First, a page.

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Thursday, 27 March 2008

Let's Ditch Having Legal Sexes

Why does the government legally assign me a sex? What's it used for? As far as I can tell, it's only used to discriminate against me. It says I can't go into certain toilets. (Yes, right now, I break the law every time I use a public restroom and I could theoretically be arrested.) It says I can't marry my girlfriend. (Unfortunately, she says the same thing, but that's beside the point.) I can't see any advantages to assigning people a legal sex. It adds a false veneer of legality to anti-queer discrimination, and that's it.

Of course, certain forms of discrimination actually are illegal, and rightly so, but this designator is not required to advance complaints against discrimination. In fact, it hinders them by narrowing the focus of laws. Religious discrimination is illegal in the United States. The government does not ask every citizen to officially file their religion. One does not need to file paperwork with the government (nor pass a psychiatric evaluation) in order to change churches or forego them altogether. And, correspondingly, the laws regarding religious discrimination spread in all directions. A Christian can be penalized for creating a hostile work environment for a Jew and vice versa.

Some European governments do require their citizens to file their religion. These countries are not secular. Many of them have current major problems with official, legal discrimination against religious minorities. Historically, France used to collect such information, even as they changed to becoming officially secular. This data turned out to be very useful to to the Vichy government and therefore was a great help to the Nazis. France no longer collects such information, even anonymized.

So legally assigning people religions has never been used to advance greater rights than they would otherwise have. But, oh boy, has it been used to advance oppression.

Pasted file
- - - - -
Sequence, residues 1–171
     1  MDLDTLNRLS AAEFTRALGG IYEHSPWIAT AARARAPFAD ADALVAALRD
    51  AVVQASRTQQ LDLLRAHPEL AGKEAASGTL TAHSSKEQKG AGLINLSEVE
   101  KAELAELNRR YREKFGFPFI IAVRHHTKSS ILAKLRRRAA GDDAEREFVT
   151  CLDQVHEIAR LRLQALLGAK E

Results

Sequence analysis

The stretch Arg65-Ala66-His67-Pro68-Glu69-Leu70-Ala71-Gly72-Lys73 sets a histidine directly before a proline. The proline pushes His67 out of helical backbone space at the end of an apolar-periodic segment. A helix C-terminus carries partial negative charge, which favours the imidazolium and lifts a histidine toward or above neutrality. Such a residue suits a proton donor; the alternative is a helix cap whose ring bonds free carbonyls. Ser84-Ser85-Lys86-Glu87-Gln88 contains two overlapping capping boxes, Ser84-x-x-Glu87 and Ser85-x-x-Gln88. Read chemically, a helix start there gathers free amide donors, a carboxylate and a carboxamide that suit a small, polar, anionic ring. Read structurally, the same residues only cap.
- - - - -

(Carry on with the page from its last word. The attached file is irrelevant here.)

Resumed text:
In the US, citizens no longer have a legal race. Of course, there are situations where race is used for legal determinations, such as for affirmative action programs. Most racial minorities are not so-called "invisible minorities." So, for the most part, the lack of a specific legal definition doesn't really matter. Somebody looks black, they say they are on their college applications and they face racial profiling while driving their car in certain neighborhoods. The lack of a legal race registration does not change their experience. Nor does it hinder nor advance their ability to sue for redress when they face discrimination.

There are situations where somebody might not look like their listed race. Somebody has black parents but is extremely light skinned. They still qualify for affirmative action because their family faced discrimination and this trickles down to the current generation. Their family has less money now because of redlining 50 years ago. They land they lost to a lynching party 70 years ago is still lost.

When US states collected information on race, this light skinned black person would be breaking the law if they used certain bathrooms. Of it they married a person of a different legal race. Now they're an invisible minority. They can ID how they'd like and their children can ID how they'd like. They can seek redress for past wrongs through affirmative action programs or they can not. Having a legal race would not advance their freedom, but historically, it's been used to hinder it.

And now we have legal sexes. It makes it illegal to use certain bathrooms. It prevents us from marrying certain people. It helps me how?? It creates stupid situations where courts attempt to determine if it's still sexual harassment if both parties are legally male. It creates situations where sex discrimination is ok and legal if the victim is presenting as a different sex then their legally assigned one. It impedes full participation and equal rights for all because it legally privileges cisgender people. Yet, it gives them no additional protections, by which I mean they would lose no rights if we got rid of it. Heck, most people's lives wouldn't change at all. Except for transgender people, male victims of sexual harassment and abuse and everybody else who gets told that their problems don't matter and that they shouldn't exist. And loving same sex couples. The gay marriage fight would evaporate. So let's get rid of those letters on our drivers licences and ID cards. If somebody needs to report us missing, they can still describe us as white males, black females, etc, and we still have the right to lay claims to those terms. But we can marry whomever we want. Wouldn't that be better?

1 comment:

Adam said...

Wouldn't that be better?

Yes